Early on, though, Ngannou did find his target. Of his 21 significant strikes in the fight, 15 came in Round 1 — mostly in the opening two minutes. That surge out of the gate instilled in a busted-up Miocic an urgency to get the fight to the canvas, which he did by timing Ngannou’s windmill punches, getting out of their way and grabbing the overextended big guy and dragging him to the mat again and again.
Has Ngannou improved his wrestling since then? One would assume so, since it’s been over three years, but we have no evidence. After the loss to Miocic and a forgettable staring contest with Derrick Lewis, Ngannou faced Curtis Blaydes and Cain Velasquez, who are Nos. 1 and 2 all time in takedowns among UFC heavyweights. Neither of them was able to put Ngannou on the canvas, though — they didn’t have time. Ngannou knocked out Blaydes in 45 seconds and Velasquez in 26. So much for testing Ngannou’s wrestling.
But to me the real key to Saturday’s rematch for Ngannou is to pace himself for what might be a long night. I know, his strategy of blasting out of the gate with power has continued to work wonders for him. Since the duds against Miocic and Lewis, Ngannou has fought four times for a total of just over two minutes — knockouts in 45, 26, 71 and 20 seconds. But Miocic had an answer in 2018. He weathered the Ngannou storm with footwork, head movement and timely punch combinations, and midway through their first round in the cage together, the challenger was tired and desperate. If Ngannou allows his gas tank to drain to “E” again, he runs the risk of coming up empty in his second bid to be champ.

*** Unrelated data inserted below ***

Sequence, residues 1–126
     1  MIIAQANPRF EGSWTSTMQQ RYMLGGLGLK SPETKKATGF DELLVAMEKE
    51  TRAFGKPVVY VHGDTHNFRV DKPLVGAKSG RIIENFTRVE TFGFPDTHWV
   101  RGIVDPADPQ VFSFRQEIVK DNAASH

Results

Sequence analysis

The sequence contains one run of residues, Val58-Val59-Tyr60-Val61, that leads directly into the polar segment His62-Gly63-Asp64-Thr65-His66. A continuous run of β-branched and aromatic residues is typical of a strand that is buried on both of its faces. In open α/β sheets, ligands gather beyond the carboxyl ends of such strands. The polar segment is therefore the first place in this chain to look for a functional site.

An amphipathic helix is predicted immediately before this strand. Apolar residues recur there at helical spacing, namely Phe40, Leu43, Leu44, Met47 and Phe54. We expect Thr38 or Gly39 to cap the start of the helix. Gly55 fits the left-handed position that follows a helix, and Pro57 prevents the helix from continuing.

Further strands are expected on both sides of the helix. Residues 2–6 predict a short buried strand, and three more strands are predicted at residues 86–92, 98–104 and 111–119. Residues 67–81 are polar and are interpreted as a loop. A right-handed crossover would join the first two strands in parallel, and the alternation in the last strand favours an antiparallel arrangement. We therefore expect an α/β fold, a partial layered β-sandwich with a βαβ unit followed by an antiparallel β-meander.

The smaller cage at the Apex will favor Ngannou.
Okamoto: Not real. If the smaller Octagon favors anyone, it’s Miocic. It’s too broad and lazy to issue a blanket statement of: A smaller cage always favors the wrestler; but the fact is, it usually does. Less space is a good thing if you’re looking to shoot into an opponent’s hips or corral a single-leg takedown. It’s also easier to put an opponent on the fence in a smaller cage, which for Miocic, would be a good way to rob a puncher of his knockout power.